Changes to the FTB regime
From 1 January 2014, the value of FTB Part A will be increased by $2,000, to be paid in the year following the birth or adoption of a first child or each child in multiple births, and $1,000 for second or subsequent children. The increase will replace the Baby Bonus. Parents who take up Paid Parental Leave will not be eligible for the increase in FTB Part A.
From 1 January 2014 onwards, children aged 16 years and over will only be entitled to FTB Part A until the end of the calendar year in which they complete school. As a consequence, Youth Allowance is expected to become the primary form of assistance of young people no longer in school.
Goods and Services Tax (“GST”) [back to top]
Allowing businesses in a net refund position to continue to use the GST instalment system
In 2011-12 Budget measure GST — providing businesses in a net refund position with access to the GST instalment system, the Government announced measures that would have allowed small businesses in a net refund position (i.e. where input tax credits exceed GST liability on sales) to choose to access the GST instalment system (which is currently not available). The Government has announced that the measure will be revised to only allow those businesses already using the GST instalment system to continue to use it if they move into a net refund position (due to a perceived revenue risk). These changes will have effect from the date of Royal Assent of the enabling legislation.
Not-for-profit (“NFP”) sector [back to top]
Later start date for NFP tax concession reforms and conclusion of transitional arrangements
The Government has announced a later start date (and set the conclusion date for transitional arrangements) relating to the 2011-12 Budget measure Not-for-profit sector reforms — better targeting of not-for-profit tax concessions. The measure is aimed at ensuring concessions are targeted only at activities directly furthering a not-for-profit organisation’s purpose. The extension of the start date will enable further consultation and engagement with the NFP sector.
- the measure will apply to new unrelated commercial activities that commenced after 7.30pm (AEST) on 10 May 2011 from 1 July 2014 onwards; and
- transitional arrangements for unrelated commercial activities that commenced prior to 7.30pm (AEST) on 10 May 2011 will end on 30 June 2015, and the new measure will apply to activities undertaken from 1 July 2015 onwards.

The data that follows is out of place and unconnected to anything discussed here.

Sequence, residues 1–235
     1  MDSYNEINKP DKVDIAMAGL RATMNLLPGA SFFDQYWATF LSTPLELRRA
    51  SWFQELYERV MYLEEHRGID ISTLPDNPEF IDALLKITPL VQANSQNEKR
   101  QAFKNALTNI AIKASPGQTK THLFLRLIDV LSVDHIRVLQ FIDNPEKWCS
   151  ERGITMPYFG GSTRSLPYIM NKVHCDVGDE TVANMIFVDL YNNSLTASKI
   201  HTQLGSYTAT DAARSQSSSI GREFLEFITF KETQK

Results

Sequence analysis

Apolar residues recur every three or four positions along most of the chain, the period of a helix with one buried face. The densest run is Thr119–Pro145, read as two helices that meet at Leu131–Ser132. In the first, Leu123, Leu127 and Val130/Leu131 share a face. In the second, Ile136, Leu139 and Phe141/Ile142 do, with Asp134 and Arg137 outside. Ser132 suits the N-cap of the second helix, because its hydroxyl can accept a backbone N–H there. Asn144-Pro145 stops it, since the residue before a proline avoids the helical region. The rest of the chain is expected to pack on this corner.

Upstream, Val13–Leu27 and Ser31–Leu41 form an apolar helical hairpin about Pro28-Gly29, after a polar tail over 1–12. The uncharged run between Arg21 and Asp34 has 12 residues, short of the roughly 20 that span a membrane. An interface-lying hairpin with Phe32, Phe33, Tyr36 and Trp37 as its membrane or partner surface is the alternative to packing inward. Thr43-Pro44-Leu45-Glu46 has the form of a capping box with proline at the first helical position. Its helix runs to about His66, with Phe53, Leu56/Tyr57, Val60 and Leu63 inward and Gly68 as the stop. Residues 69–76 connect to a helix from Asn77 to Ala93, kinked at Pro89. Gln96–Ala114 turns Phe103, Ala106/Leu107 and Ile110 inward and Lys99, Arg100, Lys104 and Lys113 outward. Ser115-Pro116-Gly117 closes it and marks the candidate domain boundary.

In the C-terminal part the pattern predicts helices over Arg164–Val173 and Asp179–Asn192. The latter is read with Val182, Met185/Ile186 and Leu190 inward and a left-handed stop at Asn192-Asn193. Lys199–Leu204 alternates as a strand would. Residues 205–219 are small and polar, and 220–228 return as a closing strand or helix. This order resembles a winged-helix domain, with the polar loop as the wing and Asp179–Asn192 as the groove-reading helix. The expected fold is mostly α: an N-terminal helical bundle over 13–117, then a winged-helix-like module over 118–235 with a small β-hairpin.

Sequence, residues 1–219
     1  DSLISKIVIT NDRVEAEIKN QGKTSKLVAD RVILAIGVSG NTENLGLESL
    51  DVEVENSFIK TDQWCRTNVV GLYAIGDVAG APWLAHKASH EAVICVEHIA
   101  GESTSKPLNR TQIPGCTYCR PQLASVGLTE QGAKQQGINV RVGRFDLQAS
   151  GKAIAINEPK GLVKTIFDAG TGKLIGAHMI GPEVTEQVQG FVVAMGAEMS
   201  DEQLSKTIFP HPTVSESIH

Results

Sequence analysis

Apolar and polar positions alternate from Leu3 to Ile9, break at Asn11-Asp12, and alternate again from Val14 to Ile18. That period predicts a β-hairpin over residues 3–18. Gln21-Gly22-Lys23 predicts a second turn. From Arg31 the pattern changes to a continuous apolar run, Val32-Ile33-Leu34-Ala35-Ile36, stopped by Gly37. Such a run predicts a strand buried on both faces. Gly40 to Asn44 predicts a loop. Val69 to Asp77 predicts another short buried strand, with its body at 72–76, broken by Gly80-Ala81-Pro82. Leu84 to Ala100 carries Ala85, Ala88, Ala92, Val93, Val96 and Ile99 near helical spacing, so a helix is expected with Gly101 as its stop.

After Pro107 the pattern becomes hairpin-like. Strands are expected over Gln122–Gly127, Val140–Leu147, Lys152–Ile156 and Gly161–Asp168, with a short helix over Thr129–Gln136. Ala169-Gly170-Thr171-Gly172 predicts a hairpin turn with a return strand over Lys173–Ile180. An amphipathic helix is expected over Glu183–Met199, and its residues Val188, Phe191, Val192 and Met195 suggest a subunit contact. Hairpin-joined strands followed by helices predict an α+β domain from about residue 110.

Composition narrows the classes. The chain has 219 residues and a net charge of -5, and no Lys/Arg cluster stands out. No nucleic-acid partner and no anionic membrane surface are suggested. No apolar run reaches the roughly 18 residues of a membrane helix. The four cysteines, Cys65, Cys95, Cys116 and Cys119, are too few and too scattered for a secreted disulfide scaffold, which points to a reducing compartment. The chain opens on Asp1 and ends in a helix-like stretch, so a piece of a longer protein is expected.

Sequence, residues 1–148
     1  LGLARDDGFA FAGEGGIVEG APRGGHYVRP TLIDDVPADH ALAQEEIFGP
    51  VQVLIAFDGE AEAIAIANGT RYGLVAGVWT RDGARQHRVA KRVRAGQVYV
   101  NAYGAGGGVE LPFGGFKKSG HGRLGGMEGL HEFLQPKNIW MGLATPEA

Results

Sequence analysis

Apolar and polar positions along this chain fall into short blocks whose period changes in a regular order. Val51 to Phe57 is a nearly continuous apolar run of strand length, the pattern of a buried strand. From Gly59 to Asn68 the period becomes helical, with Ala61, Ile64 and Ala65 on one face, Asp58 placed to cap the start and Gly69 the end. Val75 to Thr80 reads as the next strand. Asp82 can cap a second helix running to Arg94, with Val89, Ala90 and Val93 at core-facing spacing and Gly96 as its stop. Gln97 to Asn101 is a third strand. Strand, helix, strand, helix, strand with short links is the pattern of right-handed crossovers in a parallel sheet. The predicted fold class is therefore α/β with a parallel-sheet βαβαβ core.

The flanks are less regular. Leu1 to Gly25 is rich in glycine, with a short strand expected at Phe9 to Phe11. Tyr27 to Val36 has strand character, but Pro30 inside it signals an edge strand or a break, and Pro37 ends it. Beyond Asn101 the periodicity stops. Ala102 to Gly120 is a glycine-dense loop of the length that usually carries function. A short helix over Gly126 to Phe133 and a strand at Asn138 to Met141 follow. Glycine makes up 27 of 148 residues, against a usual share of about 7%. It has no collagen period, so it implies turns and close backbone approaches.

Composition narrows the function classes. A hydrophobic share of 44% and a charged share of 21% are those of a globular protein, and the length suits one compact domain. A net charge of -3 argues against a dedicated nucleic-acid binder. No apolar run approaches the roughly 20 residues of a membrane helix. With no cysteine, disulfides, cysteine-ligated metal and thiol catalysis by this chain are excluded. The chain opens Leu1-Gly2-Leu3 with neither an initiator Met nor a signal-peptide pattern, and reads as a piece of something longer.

The new measure will not affect tax concessions that were used for the relevant unrelated commercial activities prior to the applicable start date. The new measure will also incorporate an exemption from income tax for unrelated commercial activities under a small-scale threshold of $250,000 of annual accounting revenue (which has been and will again be subjected to public consultation).
Later start date for introducing a statutory definition of “charity”
The Government will defer the start date for the 2011-12 Budget measure Not-for-profit sector reforms — introducing a statutory definition of ‘charity’ from 1 July 2013 (as originally announced) to 1 January 2014. The measure was introduced to provide greater clarity and certainty in relation to the meaning of “charity” and increase accessibility to the NFP tax concessions.
The proposed statutory definition was intended to codify long-established key common law principles relating to the definition of “charity” as well as incorporating recent court decisions and feedback from the 2011 consultative process. The Government released an exposure draft of the Charities Bill 2013 on 8 April 2013. The delayed start date will allow for public consultation on the exposure draft legislation and allow new national charities regulator, the Australian Charities and Not-for-profits Commission (ACNC), to develop further guidance for charities in relation to the definition.
Click here to view the Budget 2013-14 papers.